By Jayme Irene Hines and Kimberly J. Bohannon
Last spring, teacher candidates faced an unprecedented circumstance, many having less than a week to pivot from face-to-face to remote teaching. Candidates, cooperating teachers (CT), site supervisors, and college faculty needed to think differently about communication and supervision. Many state-level Departments of Education created specific guidelines for K–12 schools focused on remote learning (Reich et al., 2020). This information and new expectations rolled out quickly.
Candidates who were placed in the Early Childhood through Grade 6 setting in southwestern New Hampshire were allowed to continue their field placement and encouraged to support their CT with remote planning and teaching. The following discussion frames three themes identified through interviews with student teachers and feedback from cooperating professionals at this particular institution.
Lesson #1: Teacher candidates are persistent.
Teacher persistence is “a disposition manifested in the day-to-day actions of teaching” (Wheatly, 2002, p. 3). Candidates struggled to find a balance, and without traditional start and end times for the school day, realized they were working around the clock. This was not sustainable, but candidates continued to persevere. They wrote and presented lessons, created teaching videos, held virtual morning meetings, and connected with children and families over video chat, demonstrating persistence in ways they might not have been able to without this experience.
Lesson #2: Student teachers are a valuable part of the (virtual) teaching team.
Clinical practice offers candidates a “lens through which to understand the problems of practice that currently face the profession,” providing candidates and cooperating professionals opportunities to think creatively and engage in innovative practices (American Association of Colleges for Teacher Education, 2018, p. 8). Candidates contributed to their students, grade-level teams, and schools as they piloted new technology and engagement strategies. They dove in alongside their CT to develop synchronous and asynchronous lessons, engage with technology in new ways, communicate with families, and provide social–emotional support to students.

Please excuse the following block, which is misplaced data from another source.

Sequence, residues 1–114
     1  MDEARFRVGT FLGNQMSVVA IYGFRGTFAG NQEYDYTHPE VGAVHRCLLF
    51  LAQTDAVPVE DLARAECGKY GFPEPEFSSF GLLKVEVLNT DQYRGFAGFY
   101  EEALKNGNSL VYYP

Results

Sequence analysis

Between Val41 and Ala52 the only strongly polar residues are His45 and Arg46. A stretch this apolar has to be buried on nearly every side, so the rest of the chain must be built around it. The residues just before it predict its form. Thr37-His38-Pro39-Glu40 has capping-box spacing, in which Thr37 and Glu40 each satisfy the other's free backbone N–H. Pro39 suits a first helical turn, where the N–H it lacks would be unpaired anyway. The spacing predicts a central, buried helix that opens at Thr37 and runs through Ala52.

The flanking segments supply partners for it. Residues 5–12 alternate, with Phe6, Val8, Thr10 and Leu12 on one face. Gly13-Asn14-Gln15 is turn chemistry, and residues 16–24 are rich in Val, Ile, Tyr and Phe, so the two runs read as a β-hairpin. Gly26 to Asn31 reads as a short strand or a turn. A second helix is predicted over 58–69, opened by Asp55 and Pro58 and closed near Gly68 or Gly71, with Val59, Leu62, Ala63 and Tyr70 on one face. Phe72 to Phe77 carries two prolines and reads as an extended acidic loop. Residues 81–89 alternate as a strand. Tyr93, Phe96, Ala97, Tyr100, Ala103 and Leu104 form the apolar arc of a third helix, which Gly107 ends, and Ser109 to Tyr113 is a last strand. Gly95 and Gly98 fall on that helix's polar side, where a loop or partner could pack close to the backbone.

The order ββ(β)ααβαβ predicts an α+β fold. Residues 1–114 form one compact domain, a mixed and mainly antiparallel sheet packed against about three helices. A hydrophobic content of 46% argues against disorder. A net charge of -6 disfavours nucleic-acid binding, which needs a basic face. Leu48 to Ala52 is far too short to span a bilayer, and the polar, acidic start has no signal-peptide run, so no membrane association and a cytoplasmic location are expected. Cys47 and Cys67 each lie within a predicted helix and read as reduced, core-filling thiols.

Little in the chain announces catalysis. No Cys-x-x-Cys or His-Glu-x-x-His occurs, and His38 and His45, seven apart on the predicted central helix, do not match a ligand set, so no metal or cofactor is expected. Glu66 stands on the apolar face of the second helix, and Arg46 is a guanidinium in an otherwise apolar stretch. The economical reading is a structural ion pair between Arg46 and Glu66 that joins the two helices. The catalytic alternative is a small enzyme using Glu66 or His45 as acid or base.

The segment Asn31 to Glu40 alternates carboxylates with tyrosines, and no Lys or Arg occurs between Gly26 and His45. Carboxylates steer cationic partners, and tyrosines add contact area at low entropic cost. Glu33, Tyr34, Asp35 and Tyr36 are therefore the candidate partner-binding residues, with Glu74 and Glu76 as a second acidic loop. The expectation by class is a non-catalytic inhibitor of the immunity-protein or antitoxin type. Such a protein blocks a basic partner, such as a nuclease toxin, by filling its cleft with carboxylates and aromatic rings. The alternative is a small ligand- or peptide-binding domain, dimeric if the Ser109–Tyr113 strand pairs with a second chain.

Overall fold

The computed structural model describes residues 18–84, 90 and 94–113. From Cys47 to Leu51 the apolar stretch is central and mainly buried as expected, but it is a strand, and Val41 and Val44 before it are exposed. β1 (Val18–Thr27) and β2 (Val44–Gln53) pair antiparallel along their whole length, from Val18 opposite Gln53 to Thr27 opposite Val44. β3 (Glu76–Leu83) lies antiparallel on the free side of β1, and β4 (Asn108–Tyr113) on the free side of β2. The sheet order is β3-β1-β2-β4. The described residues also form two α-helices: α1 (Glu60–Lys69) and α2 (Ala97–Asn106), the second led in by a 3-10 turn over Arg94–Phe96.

Several candidates created classroom spaces in their homes. Meeting with students in whole groups, small groups, and individually, they continued to meet the needs of all learners. Candidates supported their teams outside of academic delivery, as well. The technological skills of many candidates were strong, with the CT turning to them for advice! Sustaining students’ social–emotional well-being was also a big part of their contribution; they led class meetings, held lunch groups, and checked in with students individually.
Lesson #3: Teacher–family relationships are vital.
The significance of family involvement in education has always been an important connection for candidates to make. Rhen et al. (2018) found that developing relationships with families or guardians is more significant in online learning. This semester, candidates were teaching alongside family members and were heavily reliant on their support. One candidate remarked that her biggest takeaway from remote learning was being able to interact in ways in which she would have not experienced in the typical setting. Some candidates even included family lesson plans, with activities to complete with family members. Others shared games and activities for families to reinforce skills previously learned in the school setting. Overall, candidates felt a great deal of positive support from families.
Candidates’ learning and engagement throughout remote teaching was certainly not the same as in a typical semester, but they carried on without hesitation. Candidates continued to develop their own knowledge, skills, and dispositions in ways we never would have imagined at the onset of the semester. With uncertain learning conditions for the near future, novice teachers will carry these experiences into their own classrooms, while leaving behind lessons for future candidates, faculty, and cooperating professionals.
Dr. Hines is an Assistant Professor of Education at Keene State College. She teaches coursework across Early Childhood and Elementary programs and supervises Early Childhood student teachers. Her research interests include social–emotional development of preschoolers, teacher preparation, and faculty–student relationships.
Dr. Bohannon is an Associate Professor at Keene State College. She is the Coordinator of the Elementary Education program and teaches and supervises Elementary methods courses and Student Teaching. Her research interests include P–12 partnerships and faculty–student relationships.
American Association of Colleges for Teacher Education. (2018). A pivot toward clinical practice, its lexicon, and the renewal of educator preparation: A report of the AACTE Clinical Practice Commission. American Association of Colleges for Teacher Education.
Reich, J., Buttimer, C. J., Fang, A., Hillaire, G., Hirsch, K., Larke, L., Littenberg-Tobias, J., Moussapour, R., Napier, A., Thompson, M., & Slama, R. (2020). Remote learning guidance from state education agencies during the COVID-19 pandemic: A first look. https://edarxiv.org/437e2
Rhen, N., Maor, D., & McConney, A. (2018). The specific skills required of teachers who deliver K–12 distance education courses by synchronous videoconference: Implications for training and professional development. Technology, Pedagogy and Education, 27(4), 417–429. https://doi.org/10.1080/1475939X.2018.1483265
Wheatly, K. (2002). Teacher persistence: A crucial disposition, with implication for teacher education. Essay in Education, 3, Article 1.